Waterfall versus Agile – comparing software development methodologies

One of the first decisions you need to make as a project manager before starting a project implementation is: Which development methodology should I use? There are several methodologies you can use to manage a project. This blog contains reasons and information about two methodologies which can help you make this decision.

What is Waterfall?


The Waterfall model is a sequential design process, often used in software development processes, in which progress is seen as flowing steadily downwards (like a waterfall) through the phases of Conception, Initiation, Analysis, Design, Construction, Testing, Production/Implementation, and Maintenance. This means that when each of the eight stages are completed the developers move on to the next step. Once a step has been completed developers can’t go back to a previous step without reviewing the whole project and starting from the beginning. There is few room for changes or errors, so a project outcome and an extensive plan must be set in the beginning and then followed carefully.

What is Agile?


Instead of a sequential design process the Agile methodology follows an incremental team based approach. Developers start with a minimalistic project design, and then begin to work on small modules (sprints with a defined duration and a running list of deliverables planned one sprint in advance). The deliverables are prioritized by business value as determined by the customer. At the end of each sprint project priorities are evaluated and tests are run. These sprints allow bugs to be discovered in an early stage and customer feedback can easily be included into the design before the next sprint is run.

Comparison between Waterfall and Agile

In this picture you can see the differences between both methodologies at a glance.


Image source: Waterfall versus Agile

Advantages and disadvantages of both methodologies

Advantages Disadvantages
  • The customer knows what to expect in size, costs and timeline
  • Minimal impact in case of employee turnover due to strong documentation
  • Developers and customers agree on what will be delivered up front
  • Progress is more easily measured, as the full scope is known in advance
  • Team members can work on different projects simultaneously
  • Customer presence isn’t strictly required after the requirements phase
  • Makes it easier when multiple software components must be designed for integration with external systems due to early known design
  • Once a step has been completed, developers can’t easily go back to a previous stage and make changes
  • The initial requirements can’t be changed without heavy impact
  • Testing the whole product at the end is risky due to finding bugs in early written code
  • A customer’s evolving needs are not taken into account. When changes are demanded this will impact the deadlines and budget
  • Possibility of a dissatisfied customer with their delivered software product due to not seeing the product until it is almost finished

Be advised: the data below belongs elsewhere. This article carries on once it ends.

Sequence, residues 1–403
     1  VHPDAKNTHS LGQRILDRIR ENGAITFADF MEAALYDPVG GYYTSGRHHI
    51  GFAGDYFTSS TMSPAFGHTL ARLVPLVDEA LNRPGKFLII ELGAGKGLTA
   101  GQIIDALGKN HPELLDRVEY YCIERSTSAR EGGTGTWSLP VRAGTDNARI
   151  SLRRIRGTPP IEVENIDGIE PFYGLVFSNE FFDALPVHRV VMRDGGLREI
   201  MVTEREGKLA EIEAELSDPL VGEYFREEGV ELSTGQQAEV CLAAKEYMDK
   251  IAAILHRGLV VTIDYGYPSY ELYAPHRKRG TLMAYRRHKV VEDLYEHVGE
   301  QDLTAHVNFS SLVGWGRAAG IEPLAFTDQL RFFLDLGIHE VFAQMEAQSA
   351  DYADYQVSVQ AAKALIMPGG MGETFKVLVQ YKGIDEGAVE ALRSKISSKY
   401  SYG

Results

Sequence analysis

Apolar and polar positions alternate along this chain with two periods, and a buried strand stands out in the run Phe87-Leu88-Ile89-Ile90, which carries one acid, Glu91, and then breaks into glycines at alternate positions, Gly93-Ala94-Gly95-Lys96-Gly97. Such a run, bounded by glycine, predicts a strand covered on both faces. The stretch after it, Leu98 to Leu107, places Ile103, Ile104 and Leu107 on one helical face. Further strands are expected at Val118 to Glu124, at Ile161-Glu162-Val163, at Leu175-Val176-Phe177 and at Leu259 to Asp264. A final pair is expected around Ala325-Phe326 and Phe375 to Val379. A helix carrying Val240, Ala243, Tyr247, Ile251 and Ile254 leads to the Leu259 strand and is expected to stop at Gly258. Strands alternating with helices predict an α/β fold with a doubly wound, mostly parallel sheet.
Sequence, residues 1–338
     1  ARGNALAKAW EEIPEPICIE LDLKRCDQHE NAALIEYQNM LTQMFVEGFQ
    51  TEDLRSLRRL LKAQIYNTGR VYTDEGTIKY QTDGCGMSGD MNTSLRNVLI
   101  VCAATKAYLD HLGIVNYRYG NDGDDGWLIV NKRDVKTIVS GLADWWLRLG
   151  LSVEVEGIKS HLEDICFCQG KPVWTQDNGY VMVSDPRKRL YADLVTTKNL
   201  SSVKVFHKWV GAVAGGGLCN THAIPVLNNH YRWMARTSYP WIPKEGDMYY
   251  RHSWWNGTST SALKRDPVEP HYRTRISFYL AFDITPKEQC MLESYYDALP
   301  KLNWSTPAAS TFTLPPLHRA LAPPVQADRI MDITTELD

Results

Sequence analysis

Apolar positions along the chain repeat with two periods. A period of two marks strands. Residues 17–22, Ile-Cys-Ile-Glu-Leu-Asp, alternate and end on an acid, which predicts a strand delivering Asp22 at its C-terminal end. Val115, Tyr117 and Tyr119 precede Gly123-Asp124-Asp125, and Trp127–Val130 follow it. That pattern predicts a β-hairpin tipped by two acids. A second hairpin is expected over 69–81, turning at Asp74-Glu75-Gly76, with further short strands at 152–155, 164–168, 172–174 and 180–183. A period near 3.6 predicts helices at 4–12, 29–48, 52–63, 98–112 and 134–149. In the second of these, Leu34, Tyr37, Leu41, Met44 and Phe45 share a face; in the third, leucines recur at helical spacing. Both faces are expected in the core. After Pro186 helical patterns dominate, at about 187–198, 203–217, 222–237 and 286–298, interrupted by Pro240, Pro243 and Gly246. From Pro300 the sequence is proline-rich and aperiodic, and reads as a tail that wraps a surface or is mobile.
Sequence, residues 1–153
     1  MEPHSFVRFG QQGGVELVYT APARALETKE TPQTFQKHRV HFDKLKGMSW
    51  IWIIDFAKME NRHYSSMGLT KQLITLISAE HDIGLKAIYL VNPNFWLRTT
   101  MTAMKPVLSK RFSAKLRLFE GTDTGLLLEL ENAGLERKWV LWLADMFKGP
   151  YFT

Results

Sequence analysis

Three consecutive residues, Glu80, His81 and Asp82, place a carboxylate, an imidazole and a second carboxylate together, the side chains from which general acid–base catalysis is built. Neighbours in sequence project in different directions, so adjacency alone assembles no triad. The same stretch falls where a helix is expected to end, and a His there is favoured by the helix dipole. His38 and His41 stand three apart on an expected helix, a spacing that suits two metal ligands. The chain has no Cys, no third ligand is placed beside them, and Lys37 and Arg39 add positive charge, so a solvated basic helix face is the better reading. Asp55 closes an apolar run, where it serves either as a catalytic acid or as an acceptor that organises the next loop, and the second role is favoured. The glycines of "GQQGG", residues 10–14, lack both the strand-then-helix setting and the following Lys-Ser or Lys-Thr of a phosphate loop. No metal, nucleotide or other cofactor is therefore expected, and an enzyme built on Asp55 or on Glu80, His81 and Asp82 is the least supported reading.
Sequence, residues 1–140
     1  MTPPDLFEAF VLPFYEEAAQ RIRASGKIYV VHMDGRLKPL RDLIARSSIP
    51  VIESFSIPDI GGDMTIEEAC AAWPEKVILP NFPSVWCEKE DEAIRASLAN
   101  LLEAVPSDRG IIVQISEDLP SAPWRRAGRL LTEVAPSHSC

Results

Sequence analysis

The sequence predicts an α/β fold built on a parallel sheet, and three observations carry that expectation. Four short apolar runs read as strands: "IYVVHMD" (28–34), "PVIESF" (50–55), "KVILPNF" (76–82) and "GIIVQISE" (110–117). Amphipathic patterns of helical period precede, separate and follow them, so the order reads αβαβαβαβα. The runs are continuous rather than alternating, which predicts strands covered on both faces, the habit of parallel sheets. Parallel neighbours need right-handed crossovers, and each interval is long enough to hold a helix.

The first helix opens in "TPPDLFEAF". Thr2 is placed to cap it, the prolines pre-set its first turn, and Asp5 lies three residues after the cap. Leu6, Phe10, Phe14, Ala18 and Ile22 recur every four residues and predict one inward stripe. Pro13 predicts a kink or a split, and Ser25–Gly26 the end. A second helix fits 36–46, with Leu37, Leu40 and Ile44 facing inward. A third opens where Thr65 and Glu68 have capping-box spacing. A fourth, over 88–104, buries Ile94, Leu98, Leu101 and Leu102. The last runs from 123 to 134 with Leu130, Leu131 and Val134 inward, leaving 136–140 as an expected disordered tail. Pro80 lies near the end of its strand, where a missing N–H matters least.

• Value is added every sprint
  • Easier to add features that are up-to-date with the latest industry developments
  • Project priorities are set before every sprint and evaluated after each sprint
  • Customer feedback is allowed and will contribute to the final end product
  • Testing each sprint (also by the customer) ensures no surprises at the end
  • High level of customer involvement (strong sense of ownership)
  • Short time to market: quickly produce a basic version of working software
  • Transparency is high
  • Deviations on the final product can arise due to no existence of a definitive plan
  • Customers need to have the time for the high degree of involvement otherwise the product will not match their requirements
  • Additional sprints could be added due to added requirements, because not all these requirements are clear during the start of the sprints, this may increase costs for the customer
  • The iterative nature may lead to a reduction in overall system quality, as there is less emphasis on understanding the finished system as a whole early in the project


After putting the information together, what can we conclude from all this? Both methodologies have their own strengths and weaknesses. The choice of methodology really depends on the goals you want to achieve. This all comes down to the context of a project. In fact, will it not be better to combine aspects from both methodologies to make the best possible software development process for the project?

When should you use the Waterfall methodology?

  1. When customers will not have the ability to change the scope of the project once it has begun
  2. When a clear image of what the final product should be must be worked out in advance
  3. When definition and quality are the keys to success instead of fast delivery

When should you use the Agile methodology?

  1. When customers need to be able to change the scope of the project
  2. When there isn’t a clear picture of what the final product should look like
  3. When quick production is more important than the quality of the product
  4. When the product is intended for an industry with fast changing standards, like software development
  5. When you have skilled developers available who are adaptable and able to think independently

Ultimately, although the way in which you do your work is important, most important is delivering a solid and supportable product that satisfies the customer’s needs!


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